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Elife. 2018 Sep 20;7. pii: e36401. doi: 10.7554/eLife.36401.

Normal cognitive and social development require posterior cerebellar activity.

Author information

1
Princeton Neuroscience Institute, Princeton University, Princeton, United States.
2
Netherlands Institute for Neuroscience, Amsterdam, The Netherlands.
3
Department of Molecular Biology, Princeton University, Princeton, United States.
4
Department of Neuroscience, Erasmus MC, Rotterdam, The Netherlands.
5
Robert Wood Johnson Medical School, New Brunswick, United States.

Abstract

Cognitive and social capacities require postnatal experience, yet the pathways by which experience guides development are unknown. Here we show that the normal development of motor and nonmotor capacities requires cerebellar activity. Using chemogenetic perturbation of molecular layer interneurons to attenuate cerebellar output in mice, we found that activity of posterior regions in juvenile life modulates adult expression of eyeblink conditioning (paravermal lobule VI, crus I), reversal learning (lobule VI), persistive behavior and novelty-seeking (lobule VII), and social preference (crus I/II). Perturbation in adult life altered only a subset of phenotypes. Both adult and juvenile disruption left gait metrics largely unaffected. Contributions to phenotypes increased with the amount of lobule inactivated. Using an anterograde transsynaptic tracer, we found that posterior cerebellum made strong connections with prelimbic, orbitofrontal, and anterior cingulate cortex. These findings provide anatomical substrates for the clinical observation that cerebellar injury increases the risk of autism.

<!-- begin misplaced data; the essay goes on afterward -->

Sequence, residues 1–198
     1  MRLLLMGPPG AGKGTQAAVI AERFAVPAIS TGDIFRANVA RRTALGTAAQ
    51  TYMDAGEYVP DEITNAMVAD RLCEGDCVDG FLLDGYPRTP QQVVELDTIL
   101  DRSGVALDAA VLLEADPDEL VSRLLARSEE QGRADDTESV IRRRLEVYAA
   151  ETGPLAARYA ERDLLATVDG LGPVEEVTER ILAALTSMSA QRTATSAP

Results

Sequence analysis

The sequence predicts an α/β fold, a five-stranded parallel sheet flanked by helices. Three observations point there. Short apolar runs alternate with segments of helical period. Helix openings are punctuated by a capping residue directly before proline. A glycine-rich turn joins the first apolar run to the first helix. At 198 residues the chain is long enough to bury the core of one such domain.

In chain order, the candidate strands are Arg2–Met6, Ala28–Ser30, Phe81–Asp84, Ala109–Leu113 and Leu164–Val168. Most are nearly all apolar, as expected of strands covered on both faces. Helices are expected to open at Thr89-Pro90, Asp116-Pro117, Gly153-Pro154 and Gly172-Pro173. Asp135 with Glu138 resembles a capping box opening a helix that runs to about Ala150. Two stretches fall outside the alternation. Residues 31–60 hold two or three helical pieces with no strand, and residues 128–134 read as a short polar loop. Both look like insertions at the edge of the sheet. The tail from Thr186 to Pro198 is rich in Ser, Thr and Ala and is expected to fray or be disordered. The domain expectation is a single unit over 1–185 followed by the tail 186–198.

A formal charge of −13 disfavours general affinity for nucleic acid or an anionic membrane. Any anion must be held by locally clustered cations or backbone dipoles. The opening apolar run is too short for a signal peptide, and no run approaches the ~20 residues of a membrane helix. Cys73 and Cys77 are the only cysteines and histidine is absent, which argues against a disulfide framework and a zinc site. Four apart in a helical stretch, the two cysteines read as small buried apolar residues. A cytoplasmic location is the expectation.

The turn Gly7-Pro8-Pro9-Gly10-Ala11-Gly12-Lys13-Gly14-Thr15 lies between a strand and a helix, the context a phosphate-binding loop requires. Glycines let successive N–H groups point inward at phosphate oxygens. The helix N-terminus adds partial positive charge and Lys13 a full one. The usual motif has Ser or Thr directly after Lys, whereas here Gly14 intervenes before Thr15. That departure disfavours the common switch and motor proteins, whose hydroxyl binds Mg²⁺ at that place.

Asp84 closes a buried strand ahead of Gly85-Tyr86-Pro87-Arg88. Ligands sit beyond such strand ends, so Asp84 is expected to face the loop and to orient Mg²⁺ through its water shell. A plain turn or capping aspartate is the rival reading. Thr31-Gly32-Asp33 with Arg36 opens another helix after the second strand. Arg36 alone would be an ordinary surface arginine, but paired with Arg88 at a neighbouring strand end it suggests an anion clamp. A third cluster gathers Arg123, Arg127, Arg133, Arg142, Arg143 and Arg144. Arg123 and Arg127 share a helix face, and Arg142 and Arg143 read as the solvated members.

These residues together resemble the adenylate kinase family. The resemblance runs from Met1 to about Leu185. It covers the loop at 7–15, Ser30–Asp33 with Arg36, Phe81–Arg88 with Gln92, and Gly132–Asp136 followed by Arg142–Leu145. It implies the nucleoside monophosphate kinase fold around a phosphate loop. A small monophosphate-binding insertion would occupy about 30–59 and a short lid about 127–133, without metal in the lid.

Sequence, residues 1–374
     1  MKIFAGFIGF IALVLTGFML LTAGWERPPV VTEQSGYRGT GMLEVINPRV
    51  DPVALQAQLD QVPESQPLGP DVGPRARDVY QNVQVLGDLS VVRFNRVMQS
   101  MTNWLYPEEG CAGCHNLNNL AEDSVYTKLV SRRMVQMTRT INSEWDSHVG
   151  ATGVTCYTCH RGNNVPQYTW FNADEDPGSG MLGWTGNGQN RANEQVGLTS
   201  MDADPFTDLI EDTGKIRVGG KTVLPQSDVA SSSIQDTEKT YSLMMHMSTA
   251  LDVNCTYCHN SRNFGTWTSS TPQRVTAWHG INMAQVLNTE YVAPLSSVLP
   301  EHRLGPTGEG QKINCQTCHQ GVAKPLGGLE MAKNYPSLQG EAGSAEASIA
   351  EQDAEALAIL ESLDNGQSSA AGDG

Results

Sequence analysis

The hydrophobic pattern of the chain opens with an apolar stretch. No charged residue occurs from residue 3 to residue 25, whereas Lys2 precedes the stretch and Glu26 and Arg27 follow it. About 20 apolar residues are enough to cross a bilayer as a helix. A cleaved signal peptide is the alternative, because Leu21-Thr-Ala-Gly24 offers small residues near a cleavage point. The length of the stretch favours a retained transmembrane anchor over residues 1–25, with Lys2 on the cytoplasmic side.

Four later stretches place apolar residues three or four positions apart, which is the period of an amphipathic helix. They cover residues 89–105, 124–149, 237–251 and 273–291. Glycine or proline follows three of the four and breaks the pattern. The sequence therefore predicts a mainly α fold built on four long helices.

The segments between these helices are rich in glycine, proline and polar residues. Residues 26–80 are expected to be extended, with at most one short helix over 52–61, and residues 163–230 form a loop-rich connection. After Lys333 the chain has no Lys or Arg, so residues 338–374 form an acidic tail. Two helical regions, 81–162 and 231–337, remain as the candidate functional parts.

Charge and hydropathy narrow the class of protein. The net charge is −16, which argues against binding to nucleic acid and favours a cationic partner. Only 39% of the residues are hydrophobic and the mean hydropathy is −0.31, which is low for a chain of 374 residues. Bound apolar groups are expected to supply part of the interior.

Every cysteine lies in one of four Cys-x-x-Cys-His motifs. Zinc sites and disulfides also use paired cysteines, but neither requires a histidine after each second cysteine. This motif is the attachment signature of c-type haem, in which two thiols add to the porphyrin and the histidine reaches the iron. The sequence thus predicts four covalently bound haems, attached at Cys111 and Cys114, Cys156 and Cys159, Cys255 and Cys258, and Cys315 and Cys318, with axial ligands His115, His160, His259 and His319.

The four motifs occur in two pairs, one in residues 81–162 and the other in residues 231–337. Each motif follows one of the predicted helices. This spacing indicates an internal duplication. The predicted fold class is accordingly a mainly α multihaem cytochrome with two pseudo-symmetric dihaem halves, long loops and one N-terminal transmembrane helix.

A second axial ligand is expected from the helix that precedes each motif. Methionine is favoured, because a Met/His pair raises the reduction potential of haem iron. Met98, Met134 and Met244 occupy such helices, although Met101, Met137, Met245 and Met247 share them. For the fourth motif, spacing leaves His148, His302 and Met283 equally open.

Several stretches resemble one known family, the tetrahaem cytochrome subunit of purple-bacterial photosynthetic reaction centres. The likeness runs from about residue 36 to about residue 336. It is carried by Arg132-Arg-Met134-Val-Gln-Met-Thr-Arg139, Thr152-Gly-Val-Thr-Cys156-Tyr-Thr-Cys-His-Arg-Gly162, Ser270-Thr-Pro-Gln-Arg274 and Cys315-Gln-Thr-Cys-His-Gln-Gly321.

KEYWORDS:

cerebellum; chemogenetic; cognitive; development; flexible behavior; mouse; neuroscience; transsynaptic

PMID:
30226467
PMCID:
PMC6195348
DOI:
10.7554/eLife.36401
[Indexed for MEDLINE]
Free PMC Article

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